Political courage must be the “lodestar” guiding these concerned public servants; the courage to come out from the shadows by invoking the 25th Amendment lest compromising the Constitution itself.  The writer anticipates readers pointing to this constitutional option by writing after “early whispers within the cabinet of invoking the 25th Amendment,” “no one wanted to precipitate a constitutional crisis. So we will do what we can to steer the administration in the right direction until — one way or another — it’s over.” I believe it is too late; publishing the op-ed has already triggered a Constitutional crisis. Now we will wait for the political inquisition to commence.

The Arab wave in US Congress

Thursday, 30 August 2018

Can the swell of Arab-American candidates create a wave in this 2018 election cycle?
At least 75 Arabs are running for public office in local and national races this November according to the Arab-American Institute.
Five of those candidates are fighting to keep their seats as members of Congress: Justin Amash, Ralph Abraham, Garret Graves, Darin LaHood, Charlie Crist. Arab-Americans are a fixture in American political life since the great wave of the 1970s when six won seats to the US House of Representatives.
The possibility of a second wave, come this November, is palpable with 23 candidates winning their primary races so far ahead of the general elections. While equal number have lost their primary races, the rest of the candidates are still fighting for the chance to represent their party on Election Day less than ten weeks away.
This is a very strong showing. Each one of these candidates has an impressive story to tell. They have endured trials and tribulations just to make it this far along the process on the road to winning public office.
One such race is the return of Donna Shalala to the national spotlight after winning the Democratic House of Representatives Florida primary seat. Shalala, the former Health and Human Services secretary under President Clinton, prevailed in a crowded field of Democratic candidates on Tuesday.
More Arab-American and other independent, patriotic Americans winning legislative seats will lead to better chances for resolving the Palestinian-Israeli conflict peacefully
Walid Jawad

Rashida Tlaib

The name Rashida Tlaib has been reverberating in mainstream media over the past few weeks. Rashida, this Palestinian-American-Women, has secured the Democratic party nomination to run unopposed for Detroit's 13th District.
Once she assumes her responsibilities in January as the first Muslim-American female Congresswoman, Palestinians will have a strong voice in the hallowed chambers on Capitol Hill.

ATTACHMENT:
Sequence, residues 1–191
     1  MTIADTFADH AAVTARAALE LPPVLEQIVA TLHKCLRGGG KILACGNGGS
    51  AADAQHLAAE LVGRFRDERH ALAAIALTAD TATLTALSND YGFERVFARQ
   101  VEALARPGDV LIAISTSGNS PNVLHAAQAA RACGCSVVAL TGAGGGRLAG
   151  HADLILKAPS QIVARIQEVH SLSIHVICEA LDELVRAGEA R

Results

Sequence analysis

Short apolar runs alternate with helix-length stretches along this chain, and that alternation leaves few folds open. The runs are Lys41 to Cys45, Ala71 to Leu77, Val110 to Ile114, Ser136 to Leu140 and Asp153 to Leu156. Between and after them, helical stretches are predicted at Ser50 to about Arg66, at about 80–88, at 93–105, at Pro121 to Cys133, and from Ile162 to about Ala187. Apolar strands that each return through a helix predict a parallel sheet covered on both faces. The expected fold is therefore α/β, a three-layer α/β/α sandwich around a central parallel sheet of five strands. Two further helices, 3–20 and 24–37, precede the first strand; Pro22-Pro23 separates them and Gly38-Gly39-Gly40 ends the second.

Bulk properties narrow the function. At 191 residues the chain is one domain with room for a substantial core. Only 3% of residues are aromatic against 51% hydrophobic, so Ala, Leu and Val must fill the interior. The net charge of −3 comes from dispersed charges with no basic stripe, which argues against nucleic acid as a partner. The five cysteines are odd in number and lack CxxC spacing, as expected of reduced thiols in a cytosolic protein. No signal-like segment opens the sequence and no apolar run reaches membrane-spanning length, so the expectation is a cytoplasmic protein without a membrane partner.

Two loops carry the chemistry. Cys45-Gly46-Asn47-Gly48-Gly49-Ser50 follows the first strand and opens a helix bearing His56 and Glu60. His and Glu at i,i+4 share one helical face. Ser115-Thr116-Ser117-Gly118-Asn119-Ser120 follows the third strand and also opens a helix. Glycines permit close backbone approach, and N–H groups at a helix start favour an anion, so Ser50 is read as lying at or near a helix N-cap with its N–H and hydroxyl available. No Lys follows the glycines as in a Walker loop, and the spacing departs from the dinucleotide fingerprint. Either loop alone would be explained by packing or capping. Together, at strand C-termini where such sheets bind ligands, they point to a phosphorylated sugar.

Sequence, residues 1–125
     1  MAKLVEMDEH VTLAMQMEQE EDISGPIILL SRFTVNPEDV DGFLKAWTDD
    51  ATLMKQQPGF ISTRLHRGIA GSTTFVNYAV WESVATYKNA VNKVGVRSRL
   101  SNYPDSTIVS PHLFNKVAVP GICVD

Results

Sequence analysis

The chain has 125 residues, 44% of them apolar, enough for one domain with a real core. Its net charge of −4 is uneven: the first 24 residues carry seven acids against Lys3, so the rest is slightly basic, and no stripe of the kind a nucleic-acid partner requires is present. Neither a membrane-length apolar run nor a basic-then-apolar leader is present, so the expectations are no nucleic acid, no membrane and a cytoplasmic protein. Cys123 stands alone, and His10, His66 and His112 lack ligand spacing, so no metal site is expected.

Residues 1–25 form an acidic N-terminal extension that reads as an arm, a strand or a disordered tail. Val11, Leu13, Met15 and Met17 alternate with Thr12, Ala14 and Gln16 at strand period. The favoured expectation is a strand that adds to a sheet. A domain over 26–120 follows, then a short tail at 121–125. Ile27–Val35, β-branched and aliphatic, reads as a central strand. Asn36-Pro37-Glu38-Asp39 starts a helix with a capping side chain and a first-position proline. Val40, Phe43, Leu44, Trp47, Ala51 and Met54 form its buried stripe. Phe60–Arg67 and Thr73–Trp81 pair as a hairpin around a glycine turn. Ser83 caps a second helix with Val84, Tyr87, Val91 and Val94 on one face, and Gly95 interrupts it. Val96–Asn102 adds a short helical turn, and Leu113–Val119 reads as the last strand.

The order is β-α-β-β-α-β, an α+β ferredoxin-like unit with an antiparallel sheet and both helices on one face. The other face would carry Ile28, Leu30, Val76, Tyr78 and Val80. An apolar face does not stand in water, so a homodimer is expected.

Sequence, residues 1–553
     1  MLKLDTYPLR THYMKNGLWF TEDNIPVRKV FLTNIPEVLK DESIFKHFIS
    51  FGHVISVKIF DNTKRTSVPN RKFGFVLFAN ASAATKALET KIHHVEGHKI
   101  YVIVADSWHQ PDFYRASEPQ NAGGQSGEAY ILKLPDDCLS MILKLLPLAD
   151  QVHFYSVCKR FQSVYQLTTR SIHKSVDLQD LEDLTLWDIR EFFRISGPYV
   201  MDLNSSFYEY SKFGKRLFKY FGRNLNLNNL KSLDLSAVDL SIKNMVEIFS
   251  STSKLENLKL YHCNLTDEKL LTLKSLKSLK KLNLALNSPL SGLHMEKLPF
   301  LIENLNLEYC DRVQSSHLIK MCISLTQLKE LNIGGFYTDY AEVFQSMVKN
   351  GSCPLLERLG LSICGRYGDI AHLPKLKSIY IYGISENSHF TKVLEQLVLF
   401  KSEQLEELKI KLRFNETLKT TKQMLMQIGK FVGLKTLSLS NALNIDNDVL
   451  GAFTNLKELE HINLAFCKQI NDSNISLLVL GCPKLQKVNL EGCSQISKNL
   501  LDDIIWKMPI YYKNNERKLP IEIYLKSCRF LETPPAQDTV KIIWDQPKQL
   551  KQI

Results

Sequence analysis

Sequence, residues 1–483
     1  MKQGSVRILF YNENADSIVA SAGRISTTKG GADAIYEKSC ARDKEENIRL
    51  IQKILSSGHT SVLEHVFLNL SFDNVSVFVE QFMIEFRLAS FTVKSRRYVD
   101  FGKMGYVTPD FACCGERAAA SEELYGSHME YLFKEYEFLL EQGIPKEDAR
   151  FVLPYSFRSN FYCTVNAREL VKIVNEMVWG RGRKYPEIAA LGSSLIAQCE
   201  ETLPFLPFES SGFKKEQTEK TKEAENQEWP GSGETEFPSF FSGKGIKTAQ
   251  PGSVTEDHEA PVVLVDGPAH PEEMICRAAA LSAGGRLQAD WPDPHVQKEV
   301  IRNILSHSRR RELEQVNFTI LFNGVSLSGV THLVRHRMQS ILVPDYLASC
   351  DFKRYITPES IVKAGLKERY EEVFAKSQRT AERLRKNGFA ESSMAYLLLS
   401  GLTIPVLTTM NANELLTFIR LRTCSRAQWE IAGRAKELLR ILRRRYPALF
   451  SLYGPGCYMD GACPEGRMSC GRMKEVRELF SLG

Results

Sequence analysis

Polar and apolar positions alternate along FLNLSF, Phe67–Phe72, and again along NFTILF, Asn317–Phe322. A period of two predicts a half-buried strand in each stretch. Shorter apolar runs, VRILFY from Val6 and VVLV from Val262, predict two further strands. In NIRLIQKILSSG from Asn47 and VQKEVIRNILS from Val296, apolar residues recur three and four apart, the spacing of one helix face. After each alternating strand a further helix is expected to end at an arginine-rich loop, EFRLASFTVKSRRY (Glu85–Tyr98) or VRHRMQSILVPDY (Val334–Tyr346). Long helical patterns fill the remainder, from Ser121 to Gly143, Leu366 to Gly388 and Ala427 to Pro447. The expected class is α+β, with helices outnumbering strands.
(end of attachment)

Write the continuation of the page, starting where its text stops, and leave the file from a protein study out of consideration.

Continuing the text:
Tlaib’s winning her Democratic Party’s nomination is groundbreaking. In addition to her being a woman, she is a first generation Arab-American born to a Muslim Palestinian immigrant.
J Street, the liberal-leaning Jewish organization, endorsed Tlaib, helping her secure her election bid. But shortly thereafter, the organization withdrew its endorsement citing concerns over news reports confirming her belief in a one-state solution for the Israeli-Palestinian conflict.
Herein lies the disconnect. The one state solution is neither the goal of J Street nor the official position of the Palestinian government.
Rashida Tlaib will not be the only Palestinian voice in Congress if Ammar Campo-Najjar unseats Duncan Hunter. But will their voices along with other Arab-American legislators advance the Palestinian cause?
The one-state solution is not an option in the current political climate. But with her in Congress and with more people supporting her vision, the Palestinians themselves might find it beneficial to consider her vision. Seeing that the two-state solution is not a workable option, a different goal must be put in place.
The immediate goal must be ending the unjust situation of suffering for many decades and multiple generations as soon as practically possible. A state of Israel with equal rights for its Palestinian citizens, including those in Gaza and the West Bank and displaced refugees.
Although her win is one more victory for the Arab American community, this multifaceted community is not effective in advancing the Palestinian cause as other ethnic American communities are effective in advancing theirs.
Arab-Americans might be lifted by the Blue Wave that will probably tip the political balance in favor of the Democrats.
Most observers are confident the American electorates will hand Democratic candidates a big win this November allowing the party to regain control of the House of Representatives and possibly, with much slimmer odds, the Senate. Such an outcome will allow Congress to play a balancing role to that of President Donald Trump.

The multidimensional Ammar

As for Ammar, he holds a complex identity as the grandson of a Palestinian who participated in the terrorist attack on the Israeli Olympic team in 1972.